Bateman MLA Matt Taylor writes about sleeping rough for a good cause.
The annual event hosted by the St Vincent De Paul Society raises awareness and crucial funds in support of Vinnies ‘important homeless services.
Over 100,000 Australians experience homelessness every night of the year, with almost half being women and around 25 per cent being children under 18.
This year was the sixth year the event has run in Perth, and my third successive year sleeping out. Each year demonstrates the event’s uniqueness as we hear about raw experiences from people who have been or still are homeless. This is often confronting but one of the most valuable aspects of the event for me personally.
This year we heard from a young lady named Jess. Jess left home at 11 to try to find her homeless father. Jess said the streets were a better place for her than the home she left at such a young age.
I struggle to comprehend how that must have felt for her as her experience is so foreign to my own. There were many other situations she courageously shared with Sleepout participants that were deeply moving.
The Vinnies offer services and support to assist people experiencing homelessness and transition them from hopeless situations into a safe and dignified living environment.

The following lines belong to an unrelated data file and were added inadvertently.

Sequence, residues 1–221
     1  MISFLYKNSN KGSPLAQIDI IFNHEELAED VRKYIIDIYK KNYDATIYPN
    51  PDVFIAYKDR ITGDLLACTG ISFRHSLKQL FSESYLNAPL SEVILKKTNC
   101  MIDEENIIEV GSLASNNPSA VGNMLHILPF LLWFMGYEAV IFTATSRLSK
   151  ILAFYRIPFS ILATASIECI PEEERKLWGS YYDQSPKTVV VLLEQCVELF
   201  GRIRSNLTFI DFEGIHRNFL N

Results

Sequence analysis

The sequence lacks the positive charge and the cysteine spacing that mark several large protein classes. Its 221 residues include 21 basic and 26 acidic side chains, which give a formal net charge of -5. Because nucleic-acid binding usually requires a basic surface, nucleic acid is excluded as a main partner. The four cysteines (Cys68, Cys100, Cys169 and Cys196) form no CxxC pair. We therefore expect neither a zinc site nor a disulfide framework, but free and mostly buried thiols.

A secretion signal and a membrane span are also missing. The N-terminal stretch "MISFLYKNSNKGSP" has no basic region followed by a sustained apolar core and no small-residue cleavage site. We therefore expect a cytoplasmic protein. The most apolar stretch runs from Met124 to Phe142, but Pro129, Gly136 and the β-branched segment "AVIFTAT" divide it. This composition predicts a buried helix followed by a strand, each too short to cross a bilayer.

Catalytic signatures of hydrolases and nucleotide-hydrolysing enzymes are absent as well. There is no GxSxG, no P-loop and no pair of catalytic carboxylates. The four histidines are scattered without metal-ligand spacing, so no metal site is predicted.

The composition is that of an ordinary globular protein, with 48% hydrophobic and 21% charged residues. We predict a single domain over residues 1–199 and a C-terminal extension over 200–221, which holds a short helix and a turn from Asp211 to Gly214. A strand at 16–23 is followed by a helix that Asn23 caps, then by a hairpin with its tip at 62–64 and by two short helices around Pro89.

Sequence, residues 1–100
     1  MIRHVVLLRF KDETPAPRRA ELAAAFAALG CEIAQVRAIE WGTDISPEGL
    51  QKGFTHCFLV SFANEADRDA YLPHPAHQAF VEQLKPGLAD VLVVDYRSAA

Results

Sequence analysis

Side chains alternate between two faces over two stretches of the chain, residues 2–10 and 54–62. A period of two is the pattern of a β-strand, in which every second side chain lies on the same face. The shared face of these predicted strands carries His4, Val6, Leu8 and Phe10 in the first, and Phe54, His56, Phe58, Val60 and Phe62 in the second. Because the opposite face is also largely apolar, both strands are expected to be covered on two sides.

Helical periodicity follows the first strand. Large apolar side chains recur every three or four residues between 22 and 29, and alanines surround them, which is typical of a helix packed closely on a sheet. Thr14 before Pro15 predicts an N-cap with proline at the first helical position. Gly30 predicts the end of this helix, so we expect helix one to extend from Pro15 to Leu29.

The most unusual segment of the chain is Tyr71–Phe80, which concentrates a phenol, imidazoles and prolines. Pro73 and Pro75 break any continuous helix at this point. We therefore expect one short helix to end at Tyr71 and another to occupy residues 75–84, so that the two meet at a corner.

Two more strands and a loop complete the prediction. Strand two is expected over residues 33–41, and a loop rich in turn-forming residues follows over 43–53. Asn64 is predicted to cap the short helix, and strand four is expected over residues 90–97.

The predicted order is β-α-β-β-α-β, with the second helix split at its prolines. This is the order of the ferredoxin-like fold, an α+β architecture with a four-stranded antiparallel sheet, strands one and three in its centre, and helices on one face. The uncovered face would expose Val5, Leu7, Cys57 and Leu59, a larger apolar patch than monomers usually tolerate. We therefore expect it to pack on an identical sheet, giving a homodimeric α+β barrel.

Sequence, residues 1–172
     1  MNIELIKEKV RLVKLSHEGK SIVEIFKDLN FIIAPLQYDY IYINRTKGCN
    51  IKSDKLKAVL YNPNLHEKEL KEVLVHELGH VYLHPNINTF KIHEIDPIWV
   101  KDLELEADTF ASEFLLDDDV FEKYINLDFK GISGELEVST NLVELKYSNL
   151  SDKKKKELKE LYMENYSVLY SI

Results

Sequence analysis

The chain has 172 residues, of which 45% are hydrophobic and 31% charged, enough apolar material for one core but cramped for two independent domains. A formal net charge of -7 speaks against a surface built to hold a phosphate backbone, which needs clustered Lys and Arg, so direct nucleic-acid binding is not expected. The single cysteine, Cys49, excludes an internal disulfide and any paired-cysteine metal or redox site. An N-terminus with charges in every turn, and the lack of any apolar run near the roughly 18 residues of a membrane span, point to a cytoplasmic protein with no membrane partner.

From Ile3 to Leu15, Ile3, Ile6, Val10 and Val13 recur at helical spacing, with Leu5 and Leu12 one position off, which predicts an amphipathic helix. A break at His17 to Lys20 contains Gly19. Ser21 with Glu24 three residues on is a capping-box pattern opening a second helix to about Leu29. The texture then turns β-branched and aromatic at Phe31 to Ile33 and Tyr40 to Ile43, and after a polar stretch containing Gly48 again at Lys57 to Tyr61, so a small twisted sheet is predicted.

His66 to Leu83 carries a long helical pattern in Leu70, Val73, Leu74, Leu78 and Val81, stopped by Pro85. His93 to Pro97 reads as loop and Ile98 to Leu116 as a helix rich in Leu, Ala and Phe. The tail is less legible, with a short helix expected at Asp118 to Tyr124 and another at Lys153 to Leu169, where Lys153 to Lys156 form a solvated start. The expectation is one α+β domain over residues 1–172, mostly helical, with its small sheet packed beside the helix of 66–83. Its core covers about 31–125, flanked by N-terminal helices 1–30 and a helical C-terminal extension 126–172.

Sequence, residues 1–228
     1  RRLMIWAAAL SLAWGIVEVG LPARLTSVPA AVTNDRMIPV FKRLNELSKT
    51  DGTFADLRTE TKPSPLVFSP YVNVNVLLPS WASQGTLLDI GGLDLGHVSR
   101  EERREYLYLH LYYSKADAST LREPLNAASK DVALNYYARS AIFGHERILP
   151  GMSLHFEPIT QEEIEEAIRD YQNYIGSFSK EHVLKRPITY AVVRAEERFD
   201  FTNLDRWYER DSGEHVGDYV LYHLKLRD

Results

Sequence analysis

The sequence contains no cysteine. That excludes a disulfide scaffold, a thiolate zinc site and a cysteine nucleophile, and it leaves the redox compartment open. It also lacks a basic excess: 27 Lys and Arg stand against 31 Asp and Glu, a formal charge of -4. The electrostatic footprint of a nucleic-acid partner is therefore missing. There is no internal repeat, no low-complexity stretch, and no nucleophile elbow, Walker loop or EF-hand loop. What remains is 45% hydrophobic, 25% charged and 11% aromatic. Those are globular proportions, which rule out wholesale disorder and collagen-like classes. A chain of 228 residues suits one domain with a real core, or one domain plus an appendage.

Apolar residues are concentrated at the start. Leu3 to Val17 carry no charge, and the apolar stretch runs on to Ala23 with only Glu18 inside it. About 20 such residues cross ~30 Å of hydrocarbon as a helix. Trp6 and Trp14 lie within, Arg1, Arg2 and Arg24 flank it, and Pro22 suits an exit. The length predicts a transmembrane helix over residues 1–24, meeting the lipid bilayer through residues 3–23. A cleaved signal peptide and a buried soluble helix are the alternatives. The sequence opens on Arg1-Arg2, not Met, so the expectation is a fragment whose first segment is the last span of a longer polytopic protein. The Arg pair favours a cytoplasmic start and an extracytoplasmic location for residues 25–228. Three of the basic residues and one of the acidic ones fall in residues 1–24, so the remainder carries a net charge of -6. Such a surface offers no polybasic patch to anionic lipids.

I was glad to hear that Jess eventually found her father and that the Vinnies are currently working hard to secure them some accommodation of their own so they can live together independently.
A highlight was a long conversation past midnight where Treasurer Mike Nahan, Melville chief executive Shayne Silcox and myself spoke with Director General Department of Child Protection and Family Support Emma White.
This year’s event raised more than $800,000 for Vinnies homeless services in WA, an impressive figure considering tight economic circumstances facing many West Aussies.
As for the sleeping conditions, trading the comfort of my home for a sleeping bag and piece of cardboard is a small price to pay to highlight the fantastic work that the Vinnies do with some of society’s most vulnerable and disadvantaged people.